1. Painted Post , NY ,14870. (upstate,rural area). Near to Corning, Elmira.
2.I only asked those question hoping that there are members here who knew where the school is and may answer my concerns based upon their own experienced.
3. And one reason also is that there is no dorm or something thats why i asked again hoping that there are members who perhaps is from painted post and may recommend cheaper and near place to school.
4. And with regards to your last question. Here is something i pasted from daily news as i cannot stress enough of why i opt to study in other State.
Michigan looks to boost nurse numbers
Wednesday, March 07, 2007By Judy PutnamLansing Bureau
LANSING -- What's wrong with this picture?
Each day, 3,000 health care workers, mostly nurses, cross the Canadian border to work in Michigan.
Yet Michigan's 28 community colleges -- the biggest producers of registered nurses -- have waiting lists of qualified students to get into the programs, some 1,000 names long, according to a new state study.
legislative-appointed task force Tuesday released a list of recommendations to ease the shortage, mainly caused by a lack of master's-degree nursing faculty.
"It's so ironic,'' said Tom Bissonnette, executive director of the Michigan Nurses Association union. "We have a nursing shortage at the same time we have so many people trying to get into nursing school
One of the most-debated solutions was offered by the Michigan Community College Association: allowing Michigan community colleges to offer a bachelor's degree in nursing. Four-year universities generally oppose the idea.
"It's very controversial,'' said Jeanette Klemczak, appointed by Gov. Jennifer Granholm as the state's chief nursing executive, and a member of the task force. "It needs work yet. It's one where we all need to sit down together to figure out.''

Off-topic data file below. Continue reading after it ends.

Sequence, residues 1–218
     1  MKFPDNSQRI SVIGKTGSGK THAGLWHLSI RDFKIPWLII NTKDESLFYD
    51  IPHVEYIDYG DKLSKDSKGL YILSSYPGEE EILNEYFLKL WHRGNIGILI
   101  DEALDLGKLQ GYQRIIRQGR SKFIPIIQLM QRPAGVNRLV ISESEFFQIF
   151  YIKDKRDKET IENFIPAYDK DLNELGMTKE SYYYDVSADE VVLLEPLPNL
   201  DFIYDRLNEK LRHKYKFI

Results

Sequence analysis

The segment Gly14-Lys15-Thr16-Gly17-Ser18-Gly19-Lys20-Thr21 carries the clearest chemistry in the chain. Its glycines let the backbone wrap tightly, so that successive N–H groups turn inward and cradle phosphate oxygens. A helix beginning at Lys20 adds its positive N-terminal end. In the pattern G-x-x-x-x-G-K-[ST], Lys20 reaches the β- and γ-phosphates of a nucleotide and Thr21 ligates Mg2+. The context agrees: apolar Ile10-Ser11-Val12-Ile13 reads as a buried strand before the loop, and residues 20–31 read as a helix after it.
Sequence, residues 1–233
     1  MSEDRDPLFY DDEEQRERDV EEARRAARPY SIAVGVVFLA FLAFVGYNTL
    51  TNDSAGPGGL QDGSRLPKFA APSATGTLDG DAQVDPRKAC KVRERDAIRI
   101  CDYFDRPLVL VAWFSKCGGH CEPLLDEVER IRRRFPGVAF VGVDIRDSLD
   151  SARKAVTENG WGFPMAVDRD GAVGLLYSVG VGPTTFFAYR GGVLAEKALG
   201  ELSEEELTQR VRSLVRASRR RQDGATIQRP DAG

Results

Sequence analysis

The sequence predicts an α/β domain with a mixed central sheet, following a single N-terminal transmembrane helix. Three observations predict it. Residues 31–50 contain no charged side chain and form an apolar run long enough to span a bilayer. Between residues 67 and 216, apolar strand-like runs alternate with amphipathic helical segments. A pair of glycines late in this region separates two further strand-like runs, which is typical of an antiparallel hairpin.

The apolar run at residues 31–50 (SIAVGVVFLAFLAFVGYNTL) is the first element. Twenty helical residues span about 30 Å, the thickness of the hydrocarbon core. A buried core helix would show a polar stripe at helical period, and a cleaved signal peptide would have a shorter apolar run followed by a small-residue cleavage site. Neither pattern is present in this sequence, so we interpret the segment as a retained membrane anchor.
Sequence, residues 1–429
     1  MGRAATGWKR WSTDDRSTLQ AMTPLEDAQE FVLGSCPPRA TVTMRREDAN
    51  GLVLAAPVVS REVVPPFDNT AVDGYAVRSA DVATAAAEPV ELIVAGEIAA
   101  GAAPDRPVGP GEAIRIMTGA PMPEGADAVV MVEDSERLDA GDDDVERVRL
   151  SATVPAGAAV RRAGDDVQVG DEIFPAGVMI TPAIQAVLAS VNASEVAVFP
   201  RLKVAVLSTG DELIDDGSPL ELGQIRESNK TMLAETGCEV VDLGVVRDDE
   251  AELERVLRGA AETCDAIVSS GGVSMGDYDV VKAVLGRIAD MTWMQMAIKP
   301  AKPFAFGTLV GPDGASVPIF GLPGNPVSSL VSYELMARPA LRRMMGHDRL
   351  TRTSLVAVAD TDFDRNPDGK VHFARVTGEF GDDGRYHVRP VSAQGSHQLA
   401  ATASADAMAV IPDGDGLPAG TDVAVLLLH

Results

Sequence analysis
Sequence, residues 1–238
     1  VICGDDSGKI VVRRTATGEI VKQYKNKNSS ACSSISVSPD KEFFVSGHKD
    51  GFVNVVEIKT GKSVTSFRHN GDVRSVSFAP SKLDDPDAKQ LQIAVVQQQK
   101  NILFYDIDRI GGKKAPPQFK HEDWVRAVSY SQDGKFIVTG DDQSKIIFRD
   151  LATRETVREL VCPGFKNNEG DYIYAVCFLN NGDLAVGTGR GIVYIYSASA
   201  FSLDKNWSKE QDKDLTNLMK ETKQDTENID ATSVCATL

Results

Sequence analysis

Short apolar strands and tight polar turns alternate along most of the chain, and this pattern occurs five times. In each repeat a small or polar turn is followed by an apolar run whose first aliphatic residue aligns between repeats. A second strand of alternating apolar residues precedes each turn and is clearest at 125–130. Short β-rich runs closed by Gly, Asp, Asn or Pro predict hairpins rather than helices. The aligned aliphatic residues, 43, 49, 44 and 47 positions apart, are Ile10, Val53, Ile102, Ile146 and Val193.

Michigan has 119,000 registered nurses, according the Michigan Center for Nursing. By 2012, the state will need 31,300 new nurses, according to the task force report.
All 28 community colleges now offer associate's degrees in nursing while 19 four-year universities offer bachelor's degrees. Both the two-year and four-year degrees lead to licensing as a registered nurse.
The upside of the community colleges offering four-year degrees, said Mike Hansen, president of the Michigan Community College Association, is cheaper four-year degrees that will result in more nursing bachelor's degrees. Some of those will go on to earn master's degrees, easing the faculty shortage
There are only two LPN Technical school here in Michigan, both are 1 hr to 1 hr and half drive fom my place and one school is 1 year and half to finish while the new one is one year, and the fee is way high.
The other one is just newly open and started this April.
p.s. both school have limited class...30 to be exact.